Some events grant exclusivity rights, so that’s something to ask about as well. As a last-ditch option, you could wear something you made to the event and hand out business cards to those who ask about it; if you are there as a parent of a participant, you might get away with it. However, some events – particularly those that grant exclusivity to on-site vendors – can be touchy about that sort of thing, so double check before going that route.

Another fertile place to sell your wares is on social media. Many sports or organizations have groups for moms of the children who participate. A simple search on your social media platform of choice may lead you to some ideal ground for selling.

As with any type of social media selling, there are a few things you need to be aware of. First, check the rules of whatever group or forum you’re intending to use as a sales platform and make sure selling is allowed. There’s no point in wasting time making posts if they’re only going be deleted and get you banned.

Second, make sure that you’re doing more than just selling when you join an online community. People buy from companies and people they know and trust, so focus on becoming a trusted community member first and getting sales second.

Last, but not least, when you’re looking for markets for mom gear, don’t forget the pet moms. The trend of calling pets fur babies or fur children means that women are interested in dog mom or cat mom gear. The latest trend seems to be embroidering the names of the pets on the garment as well. Approximately 70 percent of households in the United States own pets, so that’s a lot of moms out there who may be looking for gear.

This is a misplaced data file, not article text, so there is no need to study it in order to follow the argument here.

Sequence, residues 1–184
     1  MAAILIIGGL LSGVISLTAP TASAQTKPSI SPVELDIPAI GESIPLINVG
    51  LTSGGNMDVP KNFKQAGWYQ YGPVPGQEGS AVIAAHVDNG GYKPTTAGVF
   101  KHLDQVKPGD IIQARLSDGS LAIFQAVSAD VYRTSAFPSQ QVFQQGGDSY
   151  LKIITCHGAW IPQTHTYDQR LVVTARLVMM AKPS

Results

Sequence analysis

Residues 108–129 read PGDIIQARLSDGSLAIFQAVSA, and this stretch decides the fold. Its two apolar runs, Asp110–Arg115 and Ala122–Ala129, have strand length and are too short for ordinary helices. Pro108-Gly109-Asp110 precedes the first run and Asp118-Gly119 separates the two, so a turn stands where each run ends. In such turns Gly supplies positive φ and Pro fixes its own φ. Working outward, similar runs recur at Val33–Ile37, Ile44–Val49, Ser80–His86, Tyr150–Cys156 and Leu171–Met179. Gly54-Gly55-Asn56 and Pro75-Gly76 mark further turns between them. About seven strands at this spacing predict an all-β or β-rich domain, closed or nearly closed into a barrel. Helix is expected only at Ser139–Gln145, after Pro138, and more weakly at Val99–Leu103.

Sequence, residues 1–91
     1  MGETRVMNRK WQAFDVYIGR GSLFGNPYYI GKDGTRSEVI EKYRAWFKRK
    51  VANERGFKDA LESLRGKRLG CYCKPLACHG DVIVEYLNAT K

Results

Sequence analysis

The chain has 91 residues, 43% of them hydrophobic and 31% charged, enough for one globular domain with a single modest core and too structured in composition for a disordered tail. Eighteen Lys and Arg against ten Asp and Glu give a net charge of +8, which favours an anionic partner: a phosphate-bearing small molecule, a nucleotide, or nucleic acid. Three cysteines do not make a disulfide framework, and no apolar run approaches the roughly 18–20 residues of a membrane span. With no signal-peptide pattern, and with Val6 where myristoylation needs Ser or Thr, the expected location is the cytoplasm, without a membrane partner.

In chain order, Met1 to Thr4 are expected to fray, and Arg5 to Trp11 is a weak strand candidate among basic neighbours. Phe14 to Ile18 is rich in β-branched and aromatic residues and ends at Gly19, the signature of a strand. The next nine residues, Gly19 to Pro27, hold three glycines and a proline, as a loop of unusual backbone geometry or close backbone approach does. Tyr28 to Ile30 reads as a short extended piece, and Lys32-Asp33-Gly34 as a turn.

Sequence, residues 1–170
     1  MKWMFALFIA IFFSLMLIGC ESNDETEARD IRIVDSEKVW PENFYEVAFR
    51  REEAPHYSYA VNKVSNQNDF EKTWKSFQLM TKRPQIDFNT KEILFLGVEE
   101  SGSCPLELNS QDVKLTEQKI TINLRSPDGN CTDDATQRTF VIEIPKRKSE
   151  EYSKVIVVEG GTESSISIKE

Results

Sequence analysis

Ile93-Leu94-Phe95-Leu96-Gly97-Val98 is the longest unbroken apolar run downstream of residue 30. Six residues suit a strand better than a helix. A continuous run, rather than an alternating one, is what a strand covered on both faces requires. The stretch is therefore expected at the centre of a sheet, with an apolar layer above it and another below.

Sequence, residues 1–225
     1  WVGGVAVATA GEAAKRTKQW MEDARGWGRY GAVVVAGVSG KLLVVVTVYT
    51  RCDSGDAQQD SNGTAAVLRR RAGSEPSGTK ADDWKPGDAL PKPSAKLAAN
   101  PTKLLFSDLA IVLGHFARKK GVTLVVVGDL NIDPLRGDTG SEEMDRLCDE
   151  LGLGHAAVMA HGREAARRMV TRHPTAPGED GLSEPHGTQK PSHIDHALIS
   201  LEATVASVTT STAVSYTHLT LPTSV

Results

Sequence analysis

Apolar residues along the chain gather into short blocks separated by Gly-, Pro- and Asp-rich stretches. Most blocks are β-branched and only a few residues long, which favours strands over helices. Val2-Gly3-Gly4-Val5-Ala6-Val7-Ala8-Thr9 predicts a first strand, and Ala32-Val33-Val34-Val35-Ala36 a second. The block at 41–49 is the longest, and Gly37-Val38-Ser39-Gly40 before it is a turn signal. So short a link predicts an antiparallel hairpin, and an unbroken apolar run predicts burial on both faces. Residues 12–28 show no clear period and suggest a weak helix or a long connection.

Kristine Shreve

Kristine is the founder and CEO of Kristine Shreve Consulting which offers writing, marketing and business development services. Kristine is also the creator and host of the Business + Women podcast, where the discussion centers around being a woman business owner. She blogs on her webiste, as well as readingandranting.com and whenimthin.com. On Facebook, Kristine is the founder of the Women in Garment Decoration Facebook group. Kristine was the director of marketing for Ensign Emblem and EnMart from 2006 to April 2020.